Regional partnership to better prepare for natural disasters
FIJI, June 21, 2016 – Delegates from the Pacific region came together today to officially launch the Pacific Resilience Program (PREP) – a series of projects to strengthen Pacific Island countries’ resilience to natural disasters and climate change.
The project was launched as part of a 3-day workshop where participants from Pacific Island governments, regional bodies and project staff will receive training to support the implementation of the Program, which will include initiatives and activities related to early warning tools, risk reduction investments and financial planning for disasters.
“PREP allows us to work together with our Pacific neighbors, to take a pro-active approach to managing natural disasters in the region,” said Siaosi Sovaleni, Deputy Prime Minister of Tonga. “We are committed to strengthening Tonga against future natural disasters and being a partner in this initiative is an important part of that strategy.”
A partnership between Tonga, Samoa, Marshall Islands, Vanuatu, the Pacific Community (SPC), the Pacific Islands Forum Secretariat (PIFS) and the World Bank, PREP uses a regional approach to disaster risk management to share expertise and increase economies of scale.
“History has unfortunately shown just how devastating disasters can be for Pacific Island countries and territories,” said Colin Tukuitonga, Director-General of the Pacific Community. “As the region’s principal scientific organization, we understand how valuable it is to share knowledge and tools to better manage disasters and reduce their impact. We’re proud to be a part of this initiative with the World Bank and others, and to further support our region to withstand disasters.”
PREP has now begun work on improved disaster early warning systems in Tonga and Samoa; is preparing tools to help Pacific Island economies become more financially resilient; and has rolled the PCRAFI disaster risk insurance initiative for the Pacific under its umbrella in order to deliver quick injections of cash to governments immediately after eligible disasters.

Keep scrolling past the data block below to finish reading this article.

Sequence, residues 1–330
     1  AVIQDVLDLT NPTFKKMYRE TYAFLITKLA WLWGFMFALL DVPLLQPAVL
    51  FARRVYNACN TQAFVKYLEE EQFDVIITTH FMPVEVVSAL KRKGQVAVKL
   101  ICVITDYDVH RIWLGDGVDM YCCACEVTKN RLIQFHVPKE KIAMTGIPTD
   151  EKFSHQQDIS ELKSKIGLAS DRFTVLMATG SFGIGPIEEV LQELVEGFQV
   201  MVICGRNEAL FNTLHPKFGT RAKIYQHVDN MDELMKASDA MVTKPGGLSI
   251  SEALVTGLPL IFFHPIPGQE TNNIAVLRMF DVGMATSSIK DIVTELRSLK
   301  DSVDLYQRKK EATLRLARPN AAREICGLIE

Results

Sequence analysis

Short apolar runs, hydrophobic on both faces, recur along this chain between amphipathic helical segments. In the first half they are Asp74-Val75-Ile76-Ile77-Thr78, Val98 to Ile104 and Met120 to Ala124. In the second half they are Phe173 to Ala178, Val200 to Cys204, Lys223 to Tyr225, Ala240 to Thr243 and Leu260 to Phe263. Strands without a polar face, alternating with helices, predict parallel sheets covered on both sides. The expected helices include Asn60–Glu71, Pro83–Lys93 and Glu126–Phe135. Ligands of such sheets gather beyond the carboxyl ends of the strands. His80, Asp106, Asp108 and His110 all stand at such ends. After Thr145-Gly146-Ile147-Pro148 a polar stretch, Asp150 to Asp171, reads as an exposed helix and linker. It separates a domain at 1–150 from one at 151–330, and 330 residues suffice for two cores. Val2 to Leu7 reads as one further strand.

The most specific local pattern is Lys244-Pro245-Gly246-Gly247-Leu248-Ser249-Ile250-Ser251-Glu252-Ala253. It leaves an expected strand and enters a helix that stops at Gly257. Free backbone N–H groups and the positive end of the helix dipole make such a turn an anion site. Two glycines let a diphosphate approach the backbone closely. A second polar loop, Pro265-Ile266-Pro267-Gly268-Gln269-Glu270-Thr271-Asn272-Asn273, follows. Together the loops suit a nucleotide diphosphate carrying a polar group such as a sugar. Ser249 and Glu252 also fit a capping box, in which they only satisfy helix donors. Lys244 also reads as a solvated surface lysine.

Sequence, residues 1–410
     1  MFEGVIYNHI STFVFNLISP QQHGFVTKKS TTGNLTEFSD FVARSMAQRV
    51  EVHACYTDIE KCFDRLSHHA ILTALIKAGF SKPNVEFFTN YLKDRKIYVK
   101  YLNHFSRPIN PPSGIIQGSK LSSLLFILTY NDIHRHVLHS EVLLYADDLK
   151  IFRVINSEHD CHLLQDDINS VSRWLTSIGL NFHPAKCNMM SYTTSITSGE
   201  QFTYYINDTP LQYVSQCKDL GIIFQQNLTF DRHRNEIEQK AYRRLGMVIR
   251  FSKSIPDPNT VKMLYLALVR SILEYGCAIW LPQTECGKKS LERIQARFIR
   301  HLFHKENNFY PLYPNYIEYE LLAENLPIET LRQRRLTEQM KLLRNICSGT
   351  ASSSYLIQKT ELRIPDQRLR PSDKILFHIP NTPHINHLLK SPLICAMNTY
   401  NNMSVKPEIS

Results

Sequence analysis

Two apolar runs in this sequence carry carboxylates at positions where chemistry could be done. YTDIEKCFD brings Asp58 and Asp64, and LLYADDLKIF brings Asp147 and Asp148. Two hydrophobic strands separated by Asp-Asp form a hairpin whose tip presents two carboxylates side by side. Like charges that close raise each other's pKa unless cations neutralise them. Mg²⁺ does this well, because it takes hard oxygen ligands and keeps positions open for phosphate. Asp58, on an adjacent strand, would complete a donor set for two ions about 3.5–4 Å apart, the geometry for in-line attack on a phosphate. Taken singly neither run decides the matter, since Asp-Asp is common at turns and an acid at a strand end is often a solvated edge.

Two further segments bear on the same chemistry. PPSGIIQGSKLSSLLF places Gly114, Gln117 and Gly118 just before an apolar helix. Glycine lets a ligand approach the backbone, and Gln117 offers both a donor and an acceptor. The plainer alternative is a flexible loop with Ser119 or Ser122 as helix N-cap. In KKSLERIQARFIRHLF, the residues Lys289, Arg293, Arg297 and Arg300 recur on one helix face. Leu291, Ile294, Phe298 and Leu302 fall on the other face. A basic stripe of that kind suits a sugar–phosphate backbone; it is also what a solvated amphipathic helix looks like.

Studies across Tonga and Samoa are also underway to identify how best to prioritize the retro-fitting of schools, making them more climate and disaster resilient and using them as evacuation centers to protect lives during emergencies.
“All countries at today’s launch have felt the impact of natural disasters in recent years, highlighting the regional need for action,” said Denis Jordy, Senior Environmental Specialist at the World Bank. “PREP is part of that action, ensuring that the proper mechanisms are in place to forecast and prepare for disasters and climate change, insuring assets, and most importantly, protecting the lives and livelihoods of people.”
The Pacific Resilience Program is funded through US$32.29 million in grants and credits from the International Development Association (IDA), the World Bank’s fund for the world’s poorest countries. The Global Environment Facility Special Climate Change Fund to Tonga and PIFS have provided US$5.48 million; the Pilot Program for Climate Resilience to the Pacific Community (SPC) has provided US$5.79 million in grant funding; and the Global Facility for Disaster Reduction and Recovery to Tonga has provided $US1.5 million in grant funding.